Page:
Laws of the Game: How the Principles of Nature Govern Chance
Using game theory and examples of actual games people play, Nobel laureate Manfred Eigen and Ruthild Winkler show how the elements of chance and rules underlie all that happens in the universe, from genetic behavior through economic growth to the composition of music. To illustrate their argument, the authors turn to classic games - backgammon, bridge, and chess - and relate them to physical, biological, and social applications of probability theory and number theory. Further, they have invented, and present here, more than a dozen playable games derived from scientific models for equilibrium, selection, growth, and even the composition of RNA. These games, complete with instructions and boards in color, are a source of learning and entertainment.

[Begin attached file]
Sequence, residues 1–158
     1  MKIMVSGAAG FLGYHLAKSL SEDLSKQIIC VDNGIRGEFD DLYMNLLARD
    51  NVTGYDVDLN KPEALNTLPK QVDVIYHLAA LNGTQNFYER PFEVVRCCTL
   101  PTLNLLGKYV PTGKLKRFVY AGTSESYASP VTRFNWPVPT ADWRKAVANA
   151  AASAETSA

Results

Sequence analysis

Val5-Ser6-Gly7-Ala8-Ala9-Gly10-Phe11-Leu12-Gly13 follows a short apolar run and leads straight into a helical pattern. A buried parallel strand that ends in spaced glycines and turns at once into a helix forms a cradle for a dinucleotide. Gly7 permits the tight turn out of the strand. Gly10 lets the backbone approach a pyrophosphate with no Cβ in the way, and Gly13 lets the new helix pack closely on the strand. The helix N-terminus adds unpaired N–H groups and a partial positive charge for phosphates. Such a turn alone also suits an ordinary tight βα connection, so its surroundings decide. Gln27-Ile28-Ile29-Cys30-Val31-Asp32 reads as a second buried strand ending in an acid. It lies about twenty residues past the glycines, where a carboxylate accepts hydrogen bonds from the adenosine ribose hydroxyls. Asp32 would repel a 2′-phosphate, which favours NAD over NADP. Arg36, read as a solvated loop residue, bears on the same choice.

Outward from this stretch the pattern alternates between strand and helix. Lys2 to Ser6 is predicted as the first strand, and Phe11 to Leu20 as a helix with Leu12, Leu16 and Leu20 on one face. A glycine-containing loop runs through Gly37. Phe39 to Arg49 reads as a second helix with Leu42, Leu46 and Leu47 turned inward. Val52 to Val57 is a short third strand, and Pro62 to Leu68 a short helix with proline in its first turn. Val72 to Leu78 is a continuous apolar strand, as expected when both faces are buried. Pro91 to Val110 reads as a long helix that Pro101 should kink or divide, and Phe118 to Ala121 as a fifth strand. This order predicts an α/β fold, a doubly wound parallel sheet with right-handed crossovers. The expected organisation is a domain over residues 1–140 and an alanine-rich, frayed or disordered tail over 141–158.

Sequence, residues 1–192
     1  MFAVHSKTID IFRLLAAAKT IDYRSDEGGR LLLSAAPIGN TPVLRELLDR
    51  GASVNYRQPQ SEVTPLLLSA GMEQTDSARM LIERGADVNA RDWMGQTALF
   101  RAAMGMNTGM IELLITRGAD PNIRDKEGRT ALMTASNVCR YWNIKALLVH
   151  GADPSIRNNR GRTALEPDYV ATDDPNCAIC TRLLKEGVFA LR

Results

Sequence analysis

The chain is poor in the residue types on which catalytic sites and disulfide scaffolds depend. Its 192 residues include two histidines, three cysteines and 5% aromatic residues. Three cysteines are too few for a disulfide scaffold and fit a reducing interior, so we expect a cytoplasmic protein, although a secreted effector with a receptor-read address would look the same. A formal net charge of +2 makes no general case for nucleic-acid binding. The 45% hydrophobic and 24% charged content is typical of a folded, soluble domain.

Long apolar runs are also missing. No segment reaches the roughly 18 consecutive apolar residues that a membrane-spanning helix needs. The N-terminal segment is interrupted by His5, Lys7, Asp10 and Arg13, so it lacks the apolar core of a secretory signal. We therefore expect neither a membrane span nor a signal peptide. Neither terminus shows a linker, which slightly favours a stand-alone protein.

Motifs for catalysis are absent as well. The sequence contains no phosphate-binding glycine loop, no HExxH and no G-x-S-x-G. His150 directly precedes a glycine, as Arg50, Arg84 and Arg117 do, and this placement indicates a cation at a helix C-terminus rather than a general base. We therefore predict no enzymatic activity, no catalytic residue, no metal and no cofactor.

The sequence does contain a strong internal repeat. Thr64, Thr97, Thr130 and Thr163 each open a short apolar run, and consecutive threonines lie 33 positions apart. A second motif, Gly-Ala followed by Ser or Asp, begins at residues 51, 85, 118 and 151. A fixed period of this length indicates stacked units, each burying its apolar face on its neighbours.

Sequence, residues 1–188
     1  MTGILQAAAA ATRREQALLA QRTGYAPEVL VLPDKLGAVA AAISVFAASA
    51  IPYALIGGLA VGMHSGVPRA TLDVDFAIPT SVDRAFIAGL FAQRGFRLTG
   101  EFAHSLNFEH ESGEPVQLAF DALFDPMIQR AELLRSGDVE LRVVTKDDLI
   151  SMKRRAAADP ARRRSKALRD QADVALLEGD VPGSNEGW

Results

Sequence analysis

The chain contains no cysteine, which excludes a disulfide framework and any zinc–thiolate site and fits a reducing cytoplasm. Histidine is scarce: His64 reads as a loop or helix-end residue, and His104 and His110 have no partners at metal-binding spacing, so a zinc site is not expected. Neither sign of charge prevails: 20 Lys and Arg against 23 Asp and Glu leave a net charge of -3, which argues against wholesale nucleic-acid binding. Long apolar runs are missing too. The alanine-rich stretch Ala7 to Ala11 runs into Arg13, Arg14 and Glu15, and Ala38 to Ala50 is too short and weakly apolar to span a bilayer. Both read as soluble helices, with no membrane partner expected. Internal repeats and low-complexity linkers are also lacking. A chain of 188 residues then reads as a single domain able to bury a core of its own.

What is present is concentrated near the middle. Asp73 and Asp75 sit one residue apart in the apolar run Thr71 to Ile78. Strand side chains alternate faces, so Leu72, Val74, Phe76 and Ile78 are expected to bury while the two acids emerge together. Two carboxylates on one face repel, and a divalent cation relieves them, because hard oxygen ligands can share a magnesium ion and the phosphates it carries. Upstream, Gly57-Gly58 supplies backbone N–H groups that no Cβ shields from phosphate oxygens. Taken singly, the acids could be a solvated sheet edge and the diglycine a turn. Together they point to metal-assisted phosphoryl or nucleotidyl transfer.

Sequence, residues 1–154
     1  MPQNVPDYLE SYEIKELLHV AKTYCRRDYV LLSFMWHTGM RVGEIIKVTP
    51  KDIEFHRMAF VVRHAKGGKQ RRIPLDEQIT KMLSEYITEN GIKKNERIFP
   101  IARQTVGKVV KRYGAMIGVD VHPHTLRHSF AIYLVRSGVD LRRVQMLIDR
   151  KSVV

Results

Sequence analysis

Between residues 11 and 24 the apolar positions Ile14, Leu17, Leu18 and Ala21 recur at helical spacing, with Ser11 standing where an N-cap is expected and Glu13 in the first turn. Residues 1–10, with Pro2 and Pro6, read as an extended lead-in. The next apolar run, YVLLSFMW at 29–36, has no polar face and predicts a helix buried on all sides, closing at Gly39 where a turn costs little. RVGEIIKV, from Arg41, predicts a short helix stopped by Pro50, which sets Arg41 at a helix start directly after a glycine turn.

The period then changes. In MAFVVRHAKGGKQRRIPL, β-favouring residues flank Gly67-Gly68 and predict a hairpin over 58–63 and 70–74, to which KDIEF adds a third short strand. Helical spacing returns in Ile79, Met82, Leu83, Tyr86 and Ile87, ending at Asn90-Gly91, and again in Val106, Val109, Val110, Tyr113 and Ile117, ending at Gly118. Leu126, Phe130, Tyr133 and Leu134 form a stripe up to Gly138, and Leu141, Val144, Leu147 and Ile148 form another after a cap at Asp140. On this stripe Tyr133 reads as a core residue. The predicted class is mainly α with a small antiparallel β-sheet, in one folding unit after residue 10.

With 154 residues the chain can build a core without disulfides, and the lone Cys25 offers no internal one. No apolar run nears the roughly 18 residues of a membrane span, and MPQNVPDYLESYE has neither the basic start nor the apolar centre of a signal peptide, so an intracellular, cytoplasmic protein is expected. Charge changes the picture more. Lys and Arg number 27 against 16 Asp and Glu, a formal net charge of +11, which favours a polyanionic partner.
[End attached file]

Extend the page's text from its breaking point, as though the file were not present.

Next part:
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antibodies atomic autocatalytic average basic bead games behavior birth cells chain chance chemical color combinations complex constant course death rate defined developed dice dissipative dissipative structures distribution doubling Ehrenfest empty square energy entropy enzyme equal equilibrium evolution example experiment exponential exponential growth Figure forces function game theory gene genetic human hyperbolic growth hypercycle illustration individual interactions Jacques Monod kind knowledge language large number law of growth limited M. C. Escher Manfred Eigen means mechanism molecular molecules mutation nucleic acids number of beads number of possible occur organisms pairs Parcheesi particles pattern physicists physics player playing board population principle probability problem produce protein quantity Random Walk reaction represents reproduction restriction enzyme result roll the dice rules self-organization sequence spatial specific stability statistical structure symbols symmetry thermodynamics tion transformation twelve-tone technique Version white beads words